Reinventing the Melting Pot: The New Immigrants and What it Means to Be American.



Tamar Jacoby
Defining Assimilation for the 21st Century
The New Immigrants: A Progress Report


Herbert J. Gans
The American Kaleidoscope, Then and Now
Stephan Thernstrom
Rediscovering the Melting Pot–Still Going Strong
Nathan Glazer
Assimilation Today: Is One Identity Enough?
Roger Waldinger
The 21st Century: An Entirely New Story
Victor Nee, Richard Alba
Toward a New Definition


Peter D. Salins
The Assimilation Contract – Endangered But Still Holding
Douglas S. Massey
The American Side of the Bargain


Gregory Rodriguez
Mexican-Americans and the Mestizo Melting Pot
Min Zhou
Assimilation, the Asian Way
Alejandro Portes
For the Second Generation, One Step at a Time
Pete Hamill
The Alloy of New York


Joel Kotkin
Toward a Post-Ethnic Economy
George J. Borjas
Economic Assimilation: Trouble Ahead
Amitai Etzioni
Assimilation to the American Creed
Peter Skerry
“This Was Our Riot, Too”: Political Assimilation Today


Stephen Steinberg
The Melting Pot and the Color Line
John McWhorter
Getting Over Identity


Michael Barone
New Americans After September 11
Stanley Crouch
Goose-Loose Blues for the Melting Pot
Gary Shteyngart
The New Two-Way Street
Tamar Jacoby
What It Means To Be American in the 21st Century



The New Immigrants and
What It Means To Be American

Basic Books, Paperback Edition, November 2004
Basic Books, Hardcover Edition, February 2004

Edited by Tamar Jacoby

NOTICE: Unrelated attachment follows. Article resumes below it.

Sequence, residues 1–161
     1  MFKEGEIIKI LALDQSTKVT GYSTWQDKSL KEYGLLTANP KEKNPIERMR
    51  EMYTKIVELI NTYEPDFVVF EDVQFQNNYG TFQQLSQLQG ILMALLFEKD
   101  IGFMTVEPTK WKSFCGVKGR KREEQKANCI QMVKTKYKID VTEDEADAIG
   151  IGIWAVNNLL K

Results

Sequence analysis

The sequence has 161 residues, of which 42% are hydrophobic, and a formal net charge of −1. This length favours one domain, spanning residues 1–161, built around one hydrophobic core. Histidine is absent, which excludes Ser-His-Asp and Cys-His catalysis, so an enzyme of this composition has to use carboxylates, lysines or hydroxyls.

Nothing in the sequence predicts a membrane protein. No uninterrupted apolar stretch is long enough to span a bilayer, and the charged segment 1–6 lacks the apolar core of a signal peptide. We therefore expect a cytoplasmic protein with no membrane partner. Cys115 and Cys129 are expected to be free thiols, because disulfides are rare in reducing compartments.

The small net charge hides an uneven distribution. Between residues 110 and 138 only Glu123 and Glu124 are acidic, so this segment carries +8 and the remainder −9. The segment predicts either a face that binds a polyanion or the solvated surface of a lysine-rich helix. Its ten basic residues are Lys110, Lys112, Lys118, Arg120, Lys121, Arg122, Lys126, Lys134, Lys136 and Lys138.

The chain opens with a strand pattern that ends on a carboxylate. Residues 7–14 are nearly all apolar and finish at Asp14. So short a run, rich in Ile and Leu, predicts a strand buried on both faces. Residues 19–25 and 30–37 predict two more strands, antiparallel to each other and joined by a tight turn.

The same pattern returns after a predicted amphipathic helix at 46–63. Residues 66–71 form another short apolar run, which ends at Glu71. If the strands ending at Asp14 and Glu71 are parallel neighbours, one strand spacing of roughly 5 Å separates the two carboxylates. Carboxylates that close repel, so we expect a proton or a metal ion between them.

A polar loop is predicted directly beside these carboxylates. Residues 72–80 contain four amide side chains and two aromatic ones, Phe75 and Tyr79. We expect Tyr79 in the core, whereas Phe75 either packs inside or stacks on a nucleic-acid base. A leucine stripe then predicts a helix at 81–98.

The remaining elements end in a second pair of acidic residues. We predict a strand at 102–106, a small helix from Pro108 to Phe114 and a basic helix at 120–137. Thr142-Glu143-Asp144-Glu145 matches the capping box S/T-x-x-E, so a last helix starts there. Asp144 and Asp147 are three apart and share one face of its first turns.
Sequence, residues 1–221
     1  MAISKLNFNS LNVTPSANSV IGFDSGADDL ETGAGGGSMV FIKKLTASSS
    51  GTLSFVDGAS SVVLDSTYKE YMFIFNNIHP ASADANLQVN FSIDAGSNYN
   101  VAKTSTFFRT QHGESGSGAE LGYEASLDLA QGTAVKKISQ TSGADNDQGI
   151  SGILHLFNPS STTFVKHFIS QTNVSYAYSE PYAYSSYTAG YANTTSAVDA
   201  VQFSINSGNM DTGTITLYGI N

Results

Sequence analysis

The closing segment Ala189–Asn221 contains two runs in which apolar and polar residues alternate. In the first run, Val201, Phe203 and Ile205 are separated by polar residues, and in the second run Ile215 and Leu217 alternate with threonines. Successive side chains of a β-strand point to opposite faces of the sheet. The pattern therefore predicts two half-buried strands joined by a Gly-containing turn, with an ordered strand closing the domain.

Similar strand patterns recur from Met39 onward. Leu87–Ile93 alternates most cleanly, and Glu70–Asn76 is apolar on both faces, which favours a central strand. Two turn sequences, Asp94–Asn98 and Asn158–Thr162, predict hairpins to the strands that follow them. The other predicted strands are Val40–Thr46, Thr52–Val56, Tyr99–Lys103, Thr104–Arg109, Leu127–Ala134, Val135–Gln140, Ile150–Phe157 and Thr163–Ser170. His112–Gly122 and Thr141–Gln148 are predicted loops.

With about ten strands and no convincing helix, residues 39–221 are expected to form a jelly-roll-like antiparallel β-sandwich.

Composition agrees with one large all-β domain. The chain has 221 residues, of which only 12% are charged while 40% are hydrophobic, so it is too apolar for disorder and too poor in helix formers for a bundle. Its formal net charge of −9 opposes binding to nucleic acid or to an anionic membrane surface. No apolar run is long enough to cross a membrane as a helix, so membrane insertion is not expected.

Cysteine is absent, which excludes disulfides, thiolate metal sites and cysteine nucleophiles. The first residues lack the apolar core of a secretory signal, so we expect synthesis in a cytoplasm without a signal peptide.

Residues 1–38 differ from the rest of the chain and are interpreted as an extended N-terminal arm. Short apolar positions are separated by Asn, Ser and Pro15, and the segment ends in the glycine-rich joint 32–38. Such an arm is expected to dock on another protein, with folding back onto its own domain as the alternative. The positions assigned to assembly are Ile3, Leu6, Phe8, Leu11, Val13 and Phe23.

Manhattan Institute Senior Fellow


Richard Alba is Distinguished Professor of Sociology and Public Policy at the University at Albany, State University of New York and author of Ethnic Identity: The Transformation of White America. His most recent book, with Victor Nee, is Remaking the American Mainstream: Assimilation and Contemporary Immigration.

Michael Barone is a senior writer for U.S. News & World Report. He is the co-author of The Almanac of American Politics and author of Our Country: The Shaping of America from Roosevelt to Reagan and of The New Americans: How the Melting Pot Can Work Again. He is a contributor to Fox News Channel.

George J. Borjas is the Robert W. Scrivner Professor of Economics and Social Policy at the John F. Kennedy School of Government at Harvard University. He is the author of several books, including Friends or Strangers: The Impact of Immigrants on the U.S. Economy and Heaven's Door: Immigration Policy and the American Economy.

Stanley Crouch is the author of three collections of essays: Notes of a Hanging Judge, The All-American Skin Game, or The Decoy of Race and Always in Pursuit. His first novel, Don't The Moon Look Lonesome, was published in 2000. He is a founder of Jazz at Lincoln Center.